People enjoying a night out in Nottingham are being offered a late-night safe haven throughout December.
St John Ambulance medical team have a treatment centre open from 9pm to 5am in the Old Market Square every weekend until the turn of the year to keep people safe and support the night-time economy.
Nottinghamshire Police and Crime Commissioner Caroline Henry went out with the St John team recently, after providing funding for the extra presence through her Office and the Violence Reduction Partnership.
The piloted scheme is a prevention and early intervention activity which aims to provide a visible trusted point of contact for those at risk, vulnerable or in need of help and advice, as well as ensuring high standards of pre-hospital care can be given to people socialising in the city centre throughout the evening and early hours of the morning.
It will also reduce demand on partners including Nottinghamshire Police, East Midlands Ambulance Service and Nottingham University Hospitals during one of the busiest times of the year.
Three first aiders are based at the treatment centre, one of which is advanced, alongside one healthcare professional, a double crewed emergency ambulance and an operational commander. The emergency ambulance is on standby to convey any seriously unwell patients to Queen’s Medical Centre.
Commissioner Henry said: “Nottingham is legendary for being a welcoming city and a fantastic night out. I want everyone to enjoy the Christmas period and be safe.
“I have seen first-hand the incredible work being done on the streets of Nottingham well into the night in order to increase feelings of safety.
“I would like to thank the St John volunteers as well as all of the emergency service workers who are on duty over Christmas and serving our community at one of the busiest times of the year.”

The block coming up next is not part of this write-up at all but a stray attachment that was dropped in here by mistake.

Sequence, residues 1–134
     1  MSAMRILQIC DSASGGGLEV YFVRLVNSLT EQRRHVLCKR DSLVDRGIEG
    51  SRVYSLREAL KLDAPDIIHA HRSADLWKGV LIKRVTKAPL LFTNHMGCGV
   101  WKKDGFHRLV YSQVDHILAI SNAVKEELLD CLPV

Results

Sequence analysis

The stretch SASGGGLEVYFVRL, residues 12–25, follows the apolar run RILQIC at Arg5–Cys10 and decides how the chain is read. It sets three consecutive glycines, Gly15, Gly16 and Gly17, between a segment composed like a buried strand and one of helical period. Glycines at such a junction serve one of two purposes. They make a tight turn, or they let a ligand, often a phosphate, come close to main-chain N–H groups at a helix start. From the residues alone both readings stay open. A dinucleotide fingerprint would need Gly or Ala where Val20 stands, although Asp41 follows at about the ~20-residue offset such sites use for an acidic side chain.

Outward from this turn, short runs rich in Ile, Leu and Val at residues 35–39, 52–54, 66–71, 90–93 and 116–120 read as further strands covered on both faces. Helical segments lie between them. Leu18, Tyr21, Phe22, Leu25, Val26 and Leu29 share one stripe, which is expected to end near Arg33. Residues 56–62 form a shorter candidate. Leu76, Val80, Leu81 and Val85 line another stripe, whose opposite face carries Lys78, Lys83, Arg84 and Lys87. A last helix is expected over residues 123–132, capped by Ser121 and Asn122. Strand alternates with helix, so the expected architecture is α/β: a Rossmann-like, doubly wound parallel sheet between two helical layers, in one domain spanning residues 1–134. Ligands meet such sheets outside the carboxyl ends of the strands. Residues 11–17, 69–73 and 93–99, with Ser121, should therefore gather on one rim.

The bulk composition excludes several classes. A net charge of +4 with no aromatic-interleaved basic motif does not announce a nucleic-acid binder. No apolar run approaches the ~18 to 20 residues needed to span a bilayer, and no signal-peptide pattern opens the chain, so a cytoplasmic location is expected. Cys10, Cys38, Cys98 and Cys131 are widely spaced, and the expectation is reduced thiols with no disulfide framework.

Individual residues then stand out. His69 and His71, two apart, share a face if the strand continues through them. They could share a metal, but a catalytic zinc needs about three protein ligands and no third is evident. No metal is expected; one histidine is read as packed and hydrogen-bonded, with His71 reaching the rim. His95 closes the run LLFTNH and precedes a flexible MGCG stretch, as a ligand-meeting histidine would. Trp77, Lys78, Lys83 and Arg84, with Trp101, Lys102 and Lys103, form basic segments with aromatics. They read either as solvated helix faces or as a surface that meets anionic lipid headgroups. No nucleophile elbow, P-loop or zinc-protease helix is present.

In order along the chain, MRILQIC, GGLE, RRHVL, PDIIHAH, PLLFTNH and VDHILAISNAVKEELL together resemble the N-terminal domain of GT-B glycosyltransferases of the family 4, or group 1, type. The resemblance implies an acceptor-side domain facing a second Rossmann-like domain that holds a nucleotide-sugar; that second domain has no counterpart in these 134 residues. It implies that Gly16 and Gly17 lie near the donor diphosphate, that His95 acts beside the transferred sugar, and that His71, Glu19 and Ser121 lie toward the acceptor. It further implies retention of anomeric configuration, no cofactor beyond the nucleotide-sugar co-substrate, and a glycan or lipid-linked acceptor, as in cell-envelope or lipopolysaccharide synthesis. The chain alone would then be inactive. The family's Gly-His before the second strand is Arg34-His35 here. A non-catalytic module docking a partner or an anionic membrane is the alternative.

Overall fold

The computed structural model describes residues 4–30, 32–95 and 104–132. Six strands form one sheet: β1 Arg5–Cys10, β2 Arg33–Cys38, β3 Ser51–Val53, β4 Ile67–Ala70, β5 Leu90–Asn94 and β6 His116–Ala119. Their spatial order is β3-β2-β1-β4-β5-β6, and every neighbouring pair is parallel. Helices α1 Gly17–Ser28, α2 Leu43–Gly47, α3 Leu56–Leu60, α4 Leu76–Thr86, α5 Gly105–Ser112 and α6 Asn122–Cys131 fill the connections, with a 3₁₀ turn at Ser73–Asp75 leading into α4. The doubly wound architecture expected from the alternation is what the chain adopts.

The service has been provided every Friday and Saturday since the start of December and will be out five more times before the new year, on December 22, 23, 29, 30 and 31.
The funding for the project comes as part of a national directive known as the Serious Violence Duty, which requires local organisations to work more closely together – sharing information and taking collaborative action - to prevent serious violence.
The local implementation of the Serious Violence Duty is being coordinated by the Violence Reduction Partnership, which brings together specialists from local government, health, education, policing and criminal justice to work with communities and the third sector to reduce serious violence and tackle its underlying causes.
It takes a public health approach to reducing violent crime, focusing on what will make a difference to whole populations, communities and groups.
Medical student and first aider Holly Parberry said: “I've been volunteering as a night-time economy first aider for around a year, and recently started attending Nottingham night time economy.
“I like the variety of people you get to work with, including Police and all the different skillsets of those who volunteer within St John. I feel as if I'm making a genuine difference to people when I volunteer for night time economy shifts, we work so well together as a team and we help so many people.
“It has taught me how to think on my feet, be dynamic in fast-paced situations and how to effectively communicate with patients, their family and other emergency services in the environment. It's massively helped me personally in my education as a student doctor, as I've been able to practice the soft-skills associated with being a medical student in real life scenarios.”
Community Response Lead for night-time economy in Nottinghamshire Liam Hotham said: “Our city centre safe haven has been operating every weekend in December and we'll be on hand to help anyone who needs us every Friday and Saturday night for the rest of the year, including New Year's Eve so those enjoying the festivities know they have a supportive safe place to go if they need it.
“We work closely with lots of partner agencies in Nottinghamshire to support those on nights out in the city centre and help to contribute positively to the wider local health economy by helping people at our site and treating them, getting them home safely and in most cases, helping them avoid an unnecessary trip to the hospital.
“I'd urge anyone who needs medical attention over the Christmas and New Year period to approach our teams by visiting our treatment centre on the Old Market Square, or, if it's a life-threatening emergency, dial 999 for an Ambulance.”